Course Requirements

Future Students

Students are required to take a minimum number of science courses prior to applying to medical school. Required courses meet the University of Nevada, Reno School of Medicine's minimum criteria, but successful applicants most often have coursework above and beyond these minimum credits. A solid base in the humanities and social sciences is also important and may include courses in a wide range of subjects such as history, literature, philosophy, ethics, or computer science. The Admissions Selection Committee strongly recommends completion of a baccalaureate degree prior to matriculation in medical school. In addition to meeting all required coursework below, all applicants must have completed several upper division science courses to be competitive in the admissions process. Students who have completed their baccalaureate degree prior to applying must have recent (within three years of matriculation) science courses, including a minimum of six semester credit hours of upper division science courses. The Office of Admissions will make the final determination if an applicant has successfully met these criteria.

The MCAT and a minimum of three years of college work (90 semester hours) are required. Most successful applicants complete their bachelor's degree requirements before starting medical school.

Applicants are encouraged to have a broad educational background and to enroll in an in-depth course curriculum that will lead to a discipline-oriented major, e.g., biology, English, psychology. No specific major is favored over any other. In addition to academic course work, people-oriented activities and health care exposure are important.

Tips:

  1. Educate yourself and gain a deep understanding of the required coursework for the schools you are interested in applying to. Each may be different.
  2. Ensure your college major advisor understands your intentions of applying to medical school and that the necessary pre-requisites are in your coursework timeline.
  3. You don't have to be a science major in college. We encourage students with all majors to apply; just ensure you have met the prerequisites!
  4. Current medical students suggest coursework in Genetics, Immunology, Molecular Biology, Metabolic Regulation and Stats are very helpful in medical school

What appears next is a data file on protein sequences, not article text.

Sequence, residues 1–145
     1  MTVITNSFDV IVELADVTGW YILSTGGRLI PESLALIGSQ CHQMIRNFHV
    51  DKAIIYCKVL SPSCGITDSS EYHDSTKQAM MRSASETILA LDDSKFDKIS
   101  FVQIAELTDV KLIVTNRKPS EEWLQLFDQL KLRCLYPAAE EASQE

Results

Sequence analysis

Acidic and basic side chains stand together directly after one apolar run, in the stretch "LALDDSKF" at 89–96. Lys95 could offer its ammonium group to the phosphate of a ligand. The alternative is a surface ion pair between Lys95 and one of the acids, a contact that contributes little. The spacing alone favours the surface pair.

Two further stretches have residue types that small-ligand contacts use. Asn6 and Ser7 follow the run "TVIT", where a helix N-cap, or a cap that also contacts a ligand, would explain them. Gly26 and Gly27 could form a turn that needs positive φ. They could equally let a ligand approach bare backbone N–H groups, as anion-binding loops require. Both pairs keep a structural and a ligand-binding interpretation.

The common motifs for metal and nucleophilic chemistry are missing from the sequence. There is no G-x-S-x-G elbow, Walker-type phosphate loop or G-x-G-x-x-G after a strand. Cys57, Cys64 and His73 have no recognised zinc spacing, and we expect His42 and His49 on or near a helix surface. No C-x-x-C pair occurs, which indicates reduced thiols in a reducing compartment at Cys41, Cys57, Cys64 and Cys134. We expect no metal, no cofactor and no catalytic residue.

Course work must include:

  • Biology with labs (Must include 6 credits of upper division): 15 credits
  • Inorganic Chemistry with lab: 8 credits
  • Organic Chemistry with labs (applicants are strongly encouraged to take pre-professional level courses): 8 credits
  • Physics: 8 credits
  • Psychology or Abnormal Psychology: 3 credits
  • Biochemistry: 3 credits

***All credit requirements are in semester hours

***2 credit hours must be for labs for Biology, Inorganic Chemistry, Organic Chemistry, and Physics

***Labs for biology can be taken as a lower division or upper division coursework.

***We cannot accept Special Topics, Research, Advanced Mentored Research, Survey Courses, or Dissection Team to fulfill these requirements.

Supplemental courses strongly recommended, but not required, in the following areas:

  • microbiology
  • genetics
  • calculus
  • statistics
  • immunology

Correspondence, CLEP (college-level exam programs-test out), AP (advanced placement), and/or pass/fail or audit in lieu of a letter grade is not acceptable for the above required courses. The following is also not accepted:

  • Online/internet/web-based courses
  • Professional school courses
  • Coursework with a grade earned of "D" or "F"

Note: Graduate-level coursework will be reviewed/considered on a case-by-case basis.

A demonstrated competency in English composition and expression is required. Generally, students are expected to satisfy the English composition requirements of their undergraduate institution.

Accepted students are responsible for completing all prerequisite course work prior to matriculation.

AP Credits

Students who receive approval from their university for the acceptance of AP credits are NOT required to re-take the lower division courses that the AP credits replace. Students are just required to take an equal number of credits in that subject area, that include labs, at the university. Example: A student receives 6 credits from AP tests for the first two chemistry courses (100 level science major or pre-professional courses). The student still needs 8 credits of chemistry taken at the university, but can take higher-level chemistry lab courses and still satisfy the 8 credit SOM requirement.